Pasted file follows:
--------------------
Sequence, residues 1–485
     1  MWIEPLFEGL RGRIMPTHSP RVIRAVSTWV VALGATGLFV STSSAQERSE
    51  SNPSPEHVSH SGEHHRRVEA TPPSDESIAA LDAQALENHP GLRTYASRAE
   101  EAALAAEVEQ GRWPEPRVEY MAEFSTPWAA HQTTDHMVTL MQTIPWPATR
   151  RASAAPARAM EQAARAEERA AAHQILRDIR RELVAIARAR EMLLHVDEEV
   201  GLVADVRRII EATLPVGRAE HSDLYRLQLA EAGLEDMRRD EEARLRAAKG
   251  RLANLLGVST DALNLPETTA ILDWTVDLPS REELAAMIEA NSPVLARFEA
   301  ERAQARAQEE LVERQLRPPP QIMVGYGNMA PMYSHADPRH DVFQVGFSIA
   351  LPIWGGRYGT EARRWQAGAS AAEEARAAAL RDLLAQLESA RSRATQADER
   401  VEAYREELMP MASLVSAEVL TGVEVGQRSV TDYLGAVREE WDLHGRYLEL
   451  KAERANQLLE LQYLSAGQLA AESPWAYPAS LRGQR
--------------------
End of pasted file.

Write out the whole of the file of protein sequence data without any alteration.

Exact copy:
Sequence, residues 1–485
     1  MWIEPLFEGL RGRIMPTHSP RVIRAVSTWV VALGATGLFV STSSAQERSE
    51  SNPSPEHVSH SGEHHRRVEA TPPSDESIAA LDAQALENHP GLRTYASRAE
   101  EAALAAEVEQ GRWPEPRVEY MAEFSTPWAA HQTTDHMVTL MQTIPWPATR
   151  RASAAPARAM EQAARAEERA AAHQILRDIR RELVAIARAR EMLLHVDEEV
   201  GLVADVRRII EATLPVGRAE HSDLYRLQLA EAGLEDMRRD EEARLRAAKG
   251  RLANLLGVST DALNLPETTA ILDWTVDLPS REELAAMIEA NSPVLARFEA
   301  ERAQARAQEE LVERQLRPPP QIMVGYGNMA PMYSHADPRH DVFQVGFSIA
   351  LPIWGGRYGT EARRWQAGAS AAEEARAAAL RDLLAQLESA RSRATQADER
   401  VEAYREELMP MASLVSAEVL TGVEVGQRSV TDYLGAVREE WDLHGRYLEL
   451  KAERANQLLE LQYLSAGQLA AESPWAYPAS LRGQR